15 untitled works in concrete, 1980–1984
“The fifteen concrete works by Donald Judd that run along the border of Chinati’s property were the first works to be installed at the museum and were cast and assembled on the site over a four-year period, from 1980 through 1984. The individual units that comprise each work have the same measurements of 2.5 x 2.5 x 5 meters, and are made from concrete slabs that are each 25 centimeters thick. Funding for the project was provided by the Dia Art Foundation.”
Are they only fifteen…? One loses count after the first pair or three… It took us an hour to complete the walk; looking back, they stretch as far as the eye can see. And, despite their, well… concreteness, they seem lightweight, blending into the landscape as if they sprouted from the earth, growing organically, effortlessly, in their own time. Nowhere does there seem to be so fitting a place for these squares than here – Judd knew exactly what he was doing.
The Arena, 1980–1987
“The Arena was built in the 1930s as a gymnasium for the soldiers at Fort D.A. Russell. After the fort closed in 1946, the gym floor was torn up for the wood, and sand was laid to provide an indoor arena for horses. In the mid-1980s, Judd restored the building, which was largely dilapidated. Judd left the long strips of concrete that had originally supported the wooden floor, and filled the intervening spaces with gravel. For practical considerations, Judd poured a large concrete area by the kitchen at the south end, and a smaller area at the north end of the building’s interior. These two areas comprise half of the total area of the building. Judd also added a sleeping loft and designed the outer courtyard, which includes areas for eating, bathing, and a barbecue.”↓↓
untitled (dawn to dusk), 2016
“In July 2016, the Chinati Foundation opened a new large-scale artwork by Robert Irwin. It is the only permanent, freestanding structure conceived and designed by Irwin as a total work of art.
Irwin had been developing and refining a design for the long-abandoned former army hospital site since 1999. Situated adjacent to the museum’s campus, the site was a C-shaped concrete structure, lined on all sides with a long sequence of windows that surrounded a central courtyard.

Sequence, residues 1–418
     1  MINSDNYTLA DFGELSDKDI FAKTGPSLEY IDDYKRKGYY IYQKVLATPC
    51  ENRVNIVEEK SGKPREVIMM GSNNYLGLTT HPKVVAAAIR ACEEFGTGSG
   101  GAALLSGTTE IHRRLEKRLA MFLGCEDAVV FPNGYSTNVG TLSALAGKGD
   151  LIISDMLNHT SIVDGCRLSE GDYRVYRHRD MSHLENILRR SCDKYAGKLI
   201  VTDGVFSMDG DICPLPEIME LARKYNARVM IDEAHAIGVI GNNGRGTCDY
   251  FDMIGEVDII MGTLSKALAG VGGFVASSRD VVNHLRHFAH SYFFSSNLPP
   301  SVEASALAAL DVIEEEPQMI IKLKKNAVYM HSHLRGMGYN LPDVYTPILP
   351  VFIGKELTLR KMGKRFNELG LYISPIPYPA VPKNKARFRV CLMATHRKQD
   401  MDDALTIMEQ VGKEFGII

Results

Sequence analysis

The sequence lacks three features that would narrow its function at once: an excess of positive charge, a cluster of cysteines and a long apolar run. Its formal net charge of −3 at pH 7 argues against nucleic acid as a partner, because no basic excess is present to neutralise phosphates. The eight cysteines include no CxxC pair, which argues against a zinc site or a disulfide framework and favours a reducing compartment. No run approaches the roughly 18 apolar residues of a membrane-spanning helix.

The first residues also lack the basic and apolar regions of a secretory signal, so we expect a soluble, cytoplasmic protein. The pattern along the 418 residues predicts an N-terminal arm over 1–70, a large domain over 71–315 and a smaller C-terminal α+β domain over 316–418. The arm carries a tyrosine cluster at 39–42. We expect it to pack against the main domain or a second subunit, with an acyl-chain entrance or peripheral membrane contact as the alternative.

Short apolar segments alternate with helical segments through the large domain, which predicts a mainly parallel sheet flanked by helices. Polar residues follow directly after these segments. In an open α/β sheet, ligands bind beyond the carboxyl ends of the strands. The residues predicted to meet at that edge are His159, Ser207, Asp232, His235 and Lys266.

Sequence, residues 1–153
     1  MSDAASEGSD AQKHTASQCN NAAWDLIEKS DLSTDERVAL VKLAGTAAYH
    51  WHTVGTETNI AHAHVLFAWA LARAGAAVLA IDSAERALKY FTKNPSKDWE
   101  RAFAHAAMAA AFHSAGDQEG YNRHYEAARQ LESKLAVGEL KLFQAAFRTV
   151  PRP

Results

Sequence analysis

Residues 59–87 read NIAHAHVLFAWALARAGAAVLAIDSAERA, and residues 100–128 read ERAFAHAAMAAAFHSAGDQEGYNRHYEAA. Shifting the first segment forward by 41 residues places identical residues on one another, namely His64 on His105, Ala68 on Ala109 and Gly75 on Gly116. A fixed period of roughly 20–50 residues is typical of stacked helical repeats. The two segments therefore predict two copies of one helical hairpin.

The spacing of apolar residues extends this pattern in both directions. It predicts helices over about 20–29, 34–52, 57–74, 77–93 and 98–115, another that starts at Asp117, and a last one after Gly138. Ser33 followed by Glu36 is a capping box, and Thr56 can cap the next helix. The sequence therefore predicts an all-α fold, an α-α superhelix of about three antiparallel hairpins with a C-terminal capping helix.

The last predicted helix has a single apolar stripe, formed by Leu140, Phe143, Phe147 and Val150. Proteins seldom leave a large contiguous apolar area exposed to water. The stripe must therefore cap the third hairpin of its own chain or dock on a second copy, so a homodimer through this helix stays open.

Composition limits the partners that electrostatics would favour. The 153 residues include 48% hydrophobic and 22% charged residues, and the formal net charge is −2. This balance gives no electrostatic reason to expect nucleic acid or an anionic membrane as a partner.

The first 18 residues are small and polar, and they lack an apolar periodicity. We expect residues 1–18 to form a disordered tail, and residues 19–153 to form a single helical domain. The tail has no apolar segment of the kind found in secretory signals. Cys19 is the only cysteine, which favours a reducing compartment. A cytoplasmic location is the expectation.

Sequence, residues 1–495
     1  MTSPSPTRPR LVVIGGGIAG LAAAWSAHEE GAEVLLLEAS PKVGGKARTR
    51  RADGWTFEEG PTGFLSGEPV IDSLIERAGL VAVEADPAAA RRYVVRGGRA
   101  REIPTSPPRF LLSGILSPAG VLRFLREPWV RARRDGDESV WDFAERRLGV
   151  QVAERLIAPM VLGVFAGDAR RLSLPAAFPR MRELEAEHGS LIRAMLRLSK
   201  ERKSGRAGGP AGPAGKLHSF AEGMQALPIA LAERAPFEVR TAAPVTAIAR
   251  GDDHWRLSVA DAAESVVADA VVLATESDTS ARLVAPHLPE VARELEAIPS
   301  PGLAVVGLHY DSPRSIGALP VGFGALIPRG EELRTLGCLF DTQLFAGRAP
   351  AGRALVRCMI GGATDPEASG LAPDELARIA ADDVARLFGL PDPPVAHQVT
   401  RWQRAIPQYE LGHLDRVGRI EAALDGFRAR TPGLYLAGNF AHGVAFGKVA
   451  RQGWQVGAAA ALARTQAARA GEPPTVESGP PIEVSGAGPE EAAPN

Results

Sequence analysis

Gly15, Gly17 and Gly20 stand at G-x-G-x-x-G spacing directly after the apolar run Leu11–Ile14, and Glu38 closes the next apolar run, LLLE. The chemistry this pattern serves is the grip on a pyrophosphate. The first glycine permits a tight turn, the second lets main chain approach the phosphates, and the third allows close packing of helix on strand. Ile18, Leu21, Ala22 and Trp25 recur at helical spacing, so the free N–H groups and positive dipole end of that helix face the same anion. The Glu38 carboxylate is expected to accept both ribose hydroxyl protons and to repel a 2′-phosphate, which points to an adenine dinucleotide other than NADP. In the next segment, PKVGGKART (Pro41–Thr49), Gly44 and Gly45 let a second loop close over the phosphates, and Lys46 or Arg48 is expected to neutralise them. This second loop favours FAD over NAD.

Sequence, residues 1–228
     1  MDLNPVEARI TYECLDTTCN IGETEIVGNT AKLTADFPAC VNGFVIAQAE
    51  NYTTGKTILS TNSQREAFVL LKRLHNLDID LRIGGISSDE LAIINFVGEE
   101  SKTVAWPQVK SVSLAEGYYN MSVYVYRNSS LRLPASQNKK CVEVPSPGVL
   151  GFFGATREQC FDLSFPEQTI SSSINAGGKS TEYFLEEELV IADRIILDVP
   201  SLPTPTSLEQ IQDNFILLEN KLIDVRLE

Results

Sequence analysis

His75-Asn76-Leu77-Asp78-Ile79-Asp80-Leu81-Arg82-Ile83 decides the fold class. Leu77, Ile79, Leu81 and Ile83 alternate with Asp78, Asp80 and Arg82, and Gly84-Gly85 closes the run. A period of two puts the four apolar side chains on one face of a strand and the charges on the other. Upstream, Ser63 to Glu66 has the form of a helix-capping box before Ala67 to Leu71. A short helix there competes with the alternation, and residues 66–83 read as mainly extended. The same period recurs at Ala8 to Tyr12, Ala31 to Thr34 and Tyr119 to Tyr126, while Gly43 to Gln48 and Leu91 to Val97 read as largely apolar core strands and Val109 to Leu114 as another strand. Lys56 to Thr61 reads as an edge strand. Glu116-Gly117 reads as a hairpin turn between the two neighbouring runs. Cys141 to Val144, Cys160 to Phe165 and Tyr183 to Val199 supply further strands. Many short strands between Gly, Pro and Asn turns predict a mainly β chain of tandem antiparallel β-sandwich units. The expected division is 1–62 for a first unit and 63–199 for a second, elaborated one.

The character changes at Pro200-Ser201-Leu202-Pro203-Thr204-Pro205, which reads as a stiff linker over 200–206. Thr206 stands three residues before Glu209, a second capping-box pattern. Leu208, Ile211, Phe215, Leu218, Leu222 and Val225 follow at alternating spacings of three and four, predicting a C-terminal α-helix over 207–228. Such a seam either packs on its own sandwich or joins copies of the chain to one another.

The building is formally divided in half, with one side dark, the other light. Inside, transparent scrim walls are stretched taut from floor to ceiling in black or white respectively, bisecting each long wing and capturing the always-changing natural light. The connecting corridor has a progression of scrim walls that sequentially cross and fill the space, with an enfilade of doors for passage.”↓↓
It has been one of the most rewarding, unforgettable ”museum walks” we could have ever hoped for. Not the most comfortable perhaps, as a large part of it involves field walking, with rattlesnakes and cacti being an integral part of the ecosystem, extra-ordinary nonetheless.
Dress appropriately: boots, long thick trousers and long sleeves will do the trick.
Beware of what you don’t see: some cacti have two kinds of thorns, those you see and can avoid touching but also those tiny, hair-like, invisible ones called glochids that will stick to your skin even if you don’t touch the cacti and will sting and itch for days. Worse yet, they will stick to the fabric of whatever you happen to be wearing and will only go away after a couple of machine washes.
The Chinati Foundation – Marfa, TX
October 7th, 2018